When told the facts and implications away from the spotlight, the Democrats had no problem with waterboarding as an interrigation technique.

When the media lights went on, it instantly became torture.

Democrats wonder why people don’t trust them with national security. I don’t wonder, it makes perfect sense.

Washington Post
Hill Briefed on Waterboarding in 2002
In Meetings, Spy Panels’ Chiefs Did Not Protest, Officials Say

In September 2002, four members of Congress met in secret for a first look at a unique CIA program designed to wring vital information from reticent terrorism suspects in U.S. custody. For more than an hour, the bipartisan group, which included current House Speaker Nancy Pelosi (D-Calif.), was given a virtual tour of the CIA’s overseas detention sites and the harsh techniques interrogators had devised to try to make their prisoners talk.

Among the techniques described, said two officials present, was waterboarding, a practice that years later would be condemned as torture by Democrats and some Republicans on Capitol Hill. But on that day, no objections were raised. Instead, at least two lawmakers in the room asked the CIA to push harder, two U.S. officials said.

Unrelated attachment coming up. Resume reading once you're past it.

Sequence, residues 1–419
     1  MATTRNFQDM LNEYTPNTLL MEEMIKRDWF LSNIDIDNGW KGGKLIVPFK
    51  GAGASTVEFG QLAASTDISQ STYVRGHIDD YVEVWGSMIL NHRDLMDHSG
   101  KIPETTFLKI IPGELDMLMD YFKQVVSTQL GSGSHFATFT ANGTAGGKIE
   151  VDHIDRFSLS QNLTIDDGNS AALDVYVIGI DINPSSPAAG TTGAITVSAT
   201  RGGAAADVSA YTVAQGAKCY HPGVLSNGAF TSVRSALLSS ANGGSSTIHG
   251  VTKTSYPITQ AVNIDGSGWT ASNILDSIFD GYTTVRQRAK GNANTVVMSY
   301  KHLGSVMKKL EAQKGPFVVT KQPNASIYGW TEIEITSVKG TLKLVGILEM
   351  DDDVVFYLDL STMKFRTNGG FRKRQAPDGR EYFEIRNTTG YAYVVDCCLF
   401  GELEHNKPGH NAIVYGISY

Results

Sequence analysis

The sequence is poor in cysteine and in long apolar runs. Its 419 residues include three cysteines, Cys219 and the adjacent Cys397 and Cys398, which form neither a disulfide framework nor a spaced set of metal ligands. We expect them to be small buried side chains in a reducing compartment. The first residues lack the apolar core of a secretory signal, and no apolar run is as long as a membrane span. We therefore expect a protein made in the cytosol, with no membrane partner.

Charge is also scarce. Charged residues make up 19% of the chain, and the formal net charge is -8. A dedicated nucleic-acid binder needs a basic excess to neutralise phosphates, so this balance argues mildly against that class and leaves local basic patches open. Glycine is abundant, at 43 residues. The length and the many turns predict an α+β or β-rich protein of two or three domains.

Jules Crittenden observes,

Yeah, well, that was then. Back when war was easier, less messy. More popular. Before polls suggested there was an advantage to stating that invading Iraq wasn’t a good idea anymore. Before Bush lied, people got waterboarded … excuse me, I mean “died.”

Captain Ed adds this,

The reason the CIA briefs the selected few on highly classified covert matters is not to get a rubber stamp on their activities, but to allow oversight and get approval for their covert activities. If Congress couldn’t find it objectionable when waterboarding was employed, they have little to complain about years afterward.